KCBS was kind enough to interview me last week for a story regarding the different enhancement techniques used to track down the Boston Bombing suspects. I was happy to speak with Suraya Fadel regarding forensic video evidence.
MALE ANCHOR: Forensic experts are taking a closer look at video from the deadly bombings, looking for clues that will help them capture the terrorists. CBS News’ Suraya Fadel has been talking to local experts about how that’s done. She’s live in Westwood. Suraya?
SURAYA FADEL: And Paul you know one expert I talked to tells me although the images have low resolution, the enhancements are clear and provide some clues.
DAVID NOTOWITZ: His profile’s very clean really, for surveillance, it’s a good shot. And they picked this on purpose because…
SF (VOICEOVER): David Notowitz is a premier forensic audio and video expert.
DN: Surveillance comes down from this angle, it hides their face totally. So this is very common.
SF (VO): He runs the National Center for Audio and Video Forensics, and has worked on high-profile south-land cases, enhancing surveillance video.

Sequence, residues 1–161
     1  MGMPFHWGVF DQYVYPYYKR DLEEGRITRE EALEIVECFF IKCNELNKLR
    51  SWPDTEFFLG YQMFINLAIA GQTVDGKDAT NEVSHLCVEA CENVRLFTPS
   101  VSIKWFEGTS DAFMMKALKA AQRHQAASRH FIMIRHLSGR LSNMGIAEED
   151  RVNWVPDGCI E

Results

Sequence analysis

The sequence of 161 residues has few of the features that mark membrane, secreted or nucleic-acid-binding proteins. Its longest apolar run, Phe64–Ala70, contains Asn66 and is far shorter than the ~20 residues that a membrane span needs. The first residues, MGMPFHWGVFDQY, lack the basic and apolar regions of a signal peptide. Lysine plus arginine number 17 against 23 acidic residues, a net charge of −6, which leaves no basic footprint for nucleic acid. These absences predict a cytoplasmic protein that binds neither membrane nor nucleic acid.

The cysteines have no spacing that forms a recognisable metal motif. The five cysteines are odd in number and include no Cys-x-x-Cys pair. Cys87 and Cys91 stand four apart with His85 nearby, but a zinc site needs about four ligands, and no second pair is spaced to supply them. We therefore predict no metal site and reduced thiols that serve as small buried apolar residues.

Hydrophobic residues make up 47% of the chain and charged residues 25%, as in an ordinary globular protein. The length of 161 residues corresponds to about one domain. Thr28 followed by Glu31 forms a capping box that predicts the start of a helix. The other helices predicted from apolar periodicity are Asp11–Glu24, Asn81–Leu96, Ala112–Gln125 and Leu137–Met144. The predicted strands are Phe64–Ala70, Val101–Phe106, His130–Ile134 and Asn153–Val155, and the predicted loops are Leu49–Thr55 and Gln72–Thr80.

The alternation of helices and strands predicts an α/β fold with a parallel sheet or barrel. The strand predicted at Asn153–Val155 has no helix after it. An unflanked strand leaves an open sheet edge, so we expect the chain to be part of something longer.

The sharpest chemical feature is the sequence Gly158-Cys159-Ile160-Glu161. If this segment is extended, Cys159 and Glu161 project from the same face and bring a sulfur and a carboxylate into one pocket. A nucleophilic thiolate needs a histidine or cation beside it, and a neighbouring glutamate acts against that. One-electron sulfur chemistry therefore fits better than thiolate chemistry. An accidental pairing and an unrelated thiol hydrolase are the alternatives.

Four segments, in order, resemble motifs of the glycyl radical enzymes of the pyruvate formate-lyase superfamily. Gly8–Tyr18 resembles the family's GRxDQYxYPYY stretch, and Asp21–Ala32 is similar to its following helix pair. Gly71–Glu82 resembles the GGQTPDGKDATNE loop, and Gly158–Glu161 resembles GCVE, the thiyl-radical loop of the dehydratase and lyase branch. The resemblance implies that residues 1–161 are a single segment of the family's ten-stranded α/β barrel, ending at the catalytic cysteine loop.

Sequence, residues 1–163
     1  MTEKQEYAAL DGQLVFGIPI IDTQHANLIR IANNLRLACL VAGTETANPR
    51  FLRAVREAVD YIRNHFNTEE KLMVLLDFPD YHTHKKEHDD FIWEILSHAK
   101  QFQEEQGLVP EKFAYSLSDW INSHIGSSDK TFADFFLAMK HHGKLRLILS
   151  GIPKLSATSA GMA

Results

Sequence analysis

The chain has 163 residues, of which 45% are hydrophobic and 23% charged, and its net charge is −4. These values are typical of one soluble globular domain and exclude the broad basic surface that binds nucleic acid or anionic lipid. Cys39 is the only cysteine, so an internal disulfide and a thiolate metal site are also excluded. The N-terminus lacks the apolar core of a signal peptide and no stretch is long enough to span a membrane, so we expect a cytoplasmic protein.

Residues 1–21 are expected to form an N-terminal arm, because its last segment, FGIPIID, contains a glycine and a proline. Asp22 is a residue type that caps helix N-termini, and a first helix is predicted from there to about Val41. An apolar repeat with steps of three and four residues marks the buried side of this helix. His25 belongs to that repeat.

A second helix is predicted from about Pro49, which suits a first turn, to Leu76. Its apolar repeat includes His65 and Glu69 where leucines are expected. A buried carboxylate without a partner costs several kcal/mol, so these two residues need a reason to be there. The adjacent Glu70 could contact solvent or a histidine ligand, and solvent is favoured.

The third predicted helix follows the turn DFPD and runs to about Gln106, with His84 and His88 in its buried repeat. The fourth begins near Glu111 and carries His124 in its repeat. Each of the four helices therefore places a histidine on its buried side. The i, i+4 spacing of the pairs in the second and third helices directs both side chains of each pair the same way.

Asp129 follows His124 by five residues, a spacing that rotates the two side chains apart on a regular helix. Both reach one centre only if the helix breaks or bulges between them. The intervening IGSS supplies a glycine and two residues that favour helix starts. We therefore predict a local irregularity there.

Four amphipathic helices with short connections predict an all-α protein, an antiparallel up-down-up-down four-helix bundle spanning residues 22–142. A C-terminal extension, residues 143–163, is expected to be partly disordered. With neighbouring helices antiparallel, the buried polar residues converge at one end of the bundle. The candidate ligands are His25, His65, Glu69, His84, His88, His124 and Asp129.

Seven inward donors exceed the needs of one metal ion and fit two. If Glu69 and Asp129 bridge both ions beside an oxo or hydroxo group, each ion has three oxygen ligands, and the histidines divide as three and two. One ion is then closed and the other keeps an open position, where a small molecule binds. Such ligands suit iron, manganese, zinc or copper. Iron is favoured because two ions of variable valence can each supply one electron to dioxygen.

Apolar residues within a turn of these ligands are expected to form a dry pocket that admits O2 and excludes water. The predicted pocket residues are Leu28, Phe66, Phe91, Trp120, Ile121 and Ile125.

DN: In this picture, he’s wearing his hat backwards, his face is totally exposed, he’s not wearing sunglasses, it…it’s, inviting people to see who he is. It’s inviting people to make an idea on the guy.
SF (VO): We showed him the surveillance stills and video of the two wanted Boston Bombing suspects released by the FBI today.
DN: His nose, shape and size, you know, his chin shape…
SF (VO): He shared insights into the minds of federal investigators he says are working around the clock, sifting through thousands of hours of surveillance footage, frame by frame, at multiple locations throughout the country.
DN: The initial search is always starting at the point of the act, the bomb explosion, so all the surveillance, they’ll be focusing on that first.
SF (VO): He points to clues the FBI may be looking at, like facial profiles.
DN: With surveillance, you can measure peoples’ height, you can measure people’s weight…
SF (VO): While federal authorities are not commenting on the suspects ethnicity, David Notowitz says releasing the images was a calculated risk to get the public’s help.
DN: They’re on a pretty tight deadline because a lot of the surveillance will be automatically erased within a week or so.
SF: And tonight the experts we talked to say it’s not uncommon for federal authorities to hold back on some details and information regarding the suspects, as well as the ethnicity. We’re live here in Westwood, Suraya Fadel, CBS 2 news.